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Medicare Health Insurance Program

 Health insurance in US is primarily employer based, hence, a special social insurance program called " medicare " was administered by the United States Government to ensure health insurance coverage for people aged 65 and over or who meet other special criteria. The medicare insurance program bears 80% of the health care costs and rest 20% needs to be borne by other means such as supplementary insurance or to be paid by the patient.

In general, all US citizens with 65 years of age or older who have been legal residents of the United States for at least 5 years are eligible for the medicare insurance program. Also, all people with disabilities in the United States, so long as their condition is congenital or otherwise permanent, are inherently entitled to Medicare, regardless of age. People with end stage renal disease (ESRD) are also eligible for this insurance program irrespective of their age.

The administration of the insurance program " medicare " is carried out by " The Centers for Medicare and Medicaid Services (CMS)" , a component of the Department of Health and Human Services. The Social Security Administration is responsible for determining program eligibility and processing premium payments for the insurance program. The Chief Actuary of CMS is responsible for providing accounting information and cost-projections to the Medicare Board of Trustees to assist them in assessing the financial health of the program.

The medicare insurance program is partially financed by payroll taxes imposed by the Federal Insurance Contributions Act (FICA) and the Self-Employment Contributions Act of 1954. In the case of employees, the tax is equal to 2.9% (1.45% withheld from the worker and a matching 1.45% paid by the employer) of the wages, salaries and other compensation in connection with employment. A self-employed individual must pay the entire 2.9% tax on self employed net earnings, but may deduct half of the tax from the income in calculating income tax.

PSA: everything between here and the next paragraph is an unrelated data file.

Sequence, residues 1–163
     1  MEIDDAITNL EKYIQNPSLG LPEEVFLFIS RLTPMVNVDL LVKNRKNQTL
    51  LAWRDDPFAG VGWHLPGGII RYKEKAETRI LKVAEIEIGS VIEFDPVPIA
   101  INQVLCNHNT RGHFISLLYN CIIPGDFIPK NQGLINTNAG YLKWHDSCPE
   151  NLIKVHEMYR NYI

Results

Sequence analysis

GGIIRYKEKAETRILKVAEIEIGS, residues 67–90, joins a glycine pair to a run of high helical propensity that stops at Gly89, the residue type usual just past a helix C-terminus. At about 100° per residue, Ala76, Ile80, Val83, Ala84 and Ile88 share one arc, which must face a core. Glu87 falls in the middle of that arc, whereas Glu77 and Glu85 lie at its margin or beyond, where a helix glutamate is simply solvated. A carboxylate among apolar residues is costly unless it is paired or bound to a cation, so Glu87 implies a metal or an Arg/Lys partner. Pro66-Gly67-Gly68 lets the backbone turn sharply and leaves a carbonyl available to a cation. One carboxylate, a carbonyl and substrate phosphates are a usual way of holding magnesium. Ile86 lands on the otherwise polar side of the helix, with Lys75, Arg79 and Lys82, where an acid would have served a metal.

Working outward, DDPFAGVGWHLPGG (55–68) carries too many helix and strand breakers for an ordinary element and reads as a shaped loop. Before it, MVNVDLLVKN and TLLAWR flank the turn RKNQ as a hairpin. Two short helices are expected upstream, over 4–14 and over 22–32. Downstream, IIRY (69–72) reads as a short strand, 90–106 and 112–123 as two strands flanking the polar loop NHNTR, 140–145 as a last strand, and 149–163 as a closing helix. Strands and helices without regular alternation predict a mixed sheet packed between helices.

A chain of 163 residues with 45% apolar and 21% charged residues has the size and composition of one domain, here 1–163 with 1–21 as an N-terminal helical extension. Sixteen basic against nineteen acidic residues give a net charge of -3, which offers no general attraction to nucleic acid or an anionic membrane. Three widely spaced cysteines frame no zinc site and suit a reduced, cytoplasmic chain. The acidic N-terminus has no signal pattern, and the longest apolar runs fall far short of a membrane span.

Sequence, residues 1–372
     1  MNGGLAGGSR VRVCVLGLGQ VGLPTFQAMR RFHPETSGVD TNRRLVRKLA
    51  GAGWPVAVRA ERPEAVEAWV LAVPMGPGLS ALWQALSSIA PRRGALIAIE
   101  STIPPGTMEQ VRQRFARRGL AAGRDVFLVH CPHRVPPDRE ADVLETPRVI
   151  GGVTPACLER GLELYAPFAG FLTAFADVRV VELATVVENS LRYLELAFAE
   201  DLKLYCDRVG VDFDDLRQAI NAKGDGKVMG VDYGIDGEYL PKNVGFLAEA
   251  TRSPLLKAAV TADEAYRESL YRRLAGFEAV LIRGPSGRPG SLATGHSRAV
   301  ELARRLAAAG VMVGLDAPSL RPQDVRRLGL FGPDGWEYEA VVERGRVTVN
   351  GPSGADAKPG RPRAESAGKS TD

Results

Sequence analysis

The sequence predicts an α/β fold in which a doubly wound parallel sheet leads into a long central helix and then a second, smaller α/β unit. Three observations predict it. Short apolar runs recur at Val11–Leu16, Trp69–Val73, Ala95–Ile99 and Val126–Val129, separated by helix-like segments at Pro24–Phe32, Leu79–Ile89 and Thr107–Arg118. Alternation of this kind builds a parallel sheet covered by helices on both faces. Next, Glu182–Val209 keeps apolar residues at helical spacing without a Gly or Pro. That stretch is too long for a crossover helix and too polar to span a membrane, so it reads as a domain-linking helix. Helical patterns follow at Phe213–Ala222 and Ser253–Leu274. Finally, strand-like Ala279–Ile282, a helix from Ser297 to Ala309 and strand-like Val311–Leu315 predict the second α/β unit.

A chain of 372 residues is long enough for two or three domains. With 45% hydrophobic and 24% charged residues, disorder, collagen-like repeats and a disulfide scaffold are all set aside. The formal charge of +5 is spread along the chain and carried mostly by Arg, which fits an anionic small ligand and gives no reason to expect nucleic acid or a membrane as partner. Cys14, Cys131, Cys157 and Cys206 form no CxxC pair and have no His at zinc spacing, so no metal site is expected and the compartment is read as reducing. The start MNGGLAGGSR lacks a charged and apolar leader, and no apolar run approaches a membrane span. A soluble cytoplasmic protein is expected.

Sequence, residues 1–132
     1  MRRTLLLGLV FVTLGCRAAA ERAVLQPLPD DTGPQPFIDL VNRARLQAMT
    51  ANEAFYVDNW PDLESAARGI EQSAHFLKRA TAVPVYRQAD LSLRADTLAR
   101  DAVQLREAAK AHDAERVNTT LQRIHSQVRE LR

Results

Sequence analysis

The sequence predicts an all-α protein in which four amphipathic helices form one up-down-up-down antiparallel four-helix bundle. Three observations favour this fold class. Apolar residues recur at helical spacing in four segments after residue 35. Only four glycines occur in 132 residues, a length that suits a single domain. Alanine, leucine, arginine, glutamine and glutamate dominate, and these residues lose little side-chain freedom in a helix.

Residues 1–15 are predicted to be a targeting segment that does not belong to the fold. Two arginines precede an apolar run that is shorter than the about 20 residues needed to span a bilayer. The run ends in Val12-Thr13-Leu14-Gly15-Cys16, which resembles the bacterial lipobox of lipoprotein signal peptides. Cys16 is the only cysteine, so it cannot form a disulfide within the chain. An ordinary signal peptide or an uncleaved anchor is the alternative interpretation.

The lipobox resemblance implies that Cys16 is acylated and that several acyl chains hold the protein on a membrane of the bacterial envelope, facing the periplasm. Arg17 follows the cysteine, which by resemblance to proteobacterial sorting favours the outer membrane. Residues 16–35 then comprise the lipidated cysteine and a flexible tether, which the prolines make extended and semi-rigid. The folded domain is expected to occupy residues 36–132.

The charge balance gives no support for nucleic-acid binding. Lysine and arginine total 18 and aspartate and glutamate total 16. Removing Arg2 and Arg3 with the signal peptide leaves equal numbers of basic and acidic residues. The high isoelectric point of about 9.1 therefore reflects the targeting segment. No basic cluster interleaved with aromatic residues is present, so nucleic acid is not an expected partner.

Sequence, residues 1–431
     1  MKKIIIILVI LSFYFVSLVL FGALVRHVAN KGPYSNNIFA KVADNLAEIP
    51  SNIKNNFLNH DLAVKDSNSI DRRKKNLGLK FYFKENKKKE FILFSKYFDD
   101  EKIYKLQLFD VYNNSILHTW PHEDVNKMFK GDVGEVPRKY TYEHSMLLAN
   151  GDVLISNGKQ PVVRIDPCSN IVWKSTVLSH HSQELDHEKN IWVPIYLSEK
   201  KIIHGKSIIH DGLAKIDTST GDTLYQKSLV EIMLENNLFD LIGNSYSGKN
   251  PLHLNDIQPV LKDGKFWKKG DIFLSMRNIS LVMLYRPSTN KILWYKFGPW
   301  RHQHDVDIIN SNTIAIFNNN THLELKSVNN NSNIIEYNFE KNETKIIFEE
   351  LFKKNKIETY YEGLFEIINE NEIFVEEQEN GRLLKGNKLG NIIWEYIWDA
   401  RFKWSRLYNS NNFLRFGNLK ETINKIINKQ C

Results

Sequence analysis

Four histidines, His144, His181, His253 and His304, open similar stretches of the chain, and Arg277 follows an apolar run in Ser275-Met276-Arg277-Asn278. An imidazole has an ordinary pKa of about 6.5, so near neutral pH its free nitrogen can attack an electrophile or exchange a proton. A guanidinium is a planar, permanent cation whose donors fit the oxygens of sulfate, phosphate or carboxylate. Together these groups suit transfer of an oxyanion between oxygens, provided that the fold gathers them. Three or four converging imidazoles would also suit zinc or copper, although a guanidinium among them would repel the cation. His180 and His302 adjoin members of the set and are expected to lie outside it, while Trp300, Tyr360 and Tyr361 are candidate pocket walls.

Medicare is divided into four parts - Part A, Part B, Part C and Part D. Part A hospital insurance covers (at least overnight), including semiprivate room, food, tests and doctor's fees. Part B medical insurance helps pay for some services and products not covered by Part A, generally on an outpatient basis. Part B is optional and may be deferred if the beneficiary or their spouse is still working. There is a lifetime penalty (10% per year) imposed for not enrolling in Part B unless actively working.

Medicare Part D covers prescription drugs. In order to receive this benefit, a person with Medicare must enroll in a stand-alone Prescription Drug Plan (PDP) or Medicare Advantage plan with prescription drug coverage (MA-PD). These plans are approved and regulated by the Medicare program, but are actually designed and administered by private health insurance companies. Unlike Original Medicare (Part A and B), Part D coverage is not standardized. Advantage plans, also known as Medicare Part C, are another way for beneficiaries to receive their Part A, B and D benefits.

All Medicare benefits are subject to medical necessity. Medical necessity is a United States legal doctrine, related to activities which may be justified as reasonable, necessary, and/or appropriate, based on evidence-based clinical standards of care.

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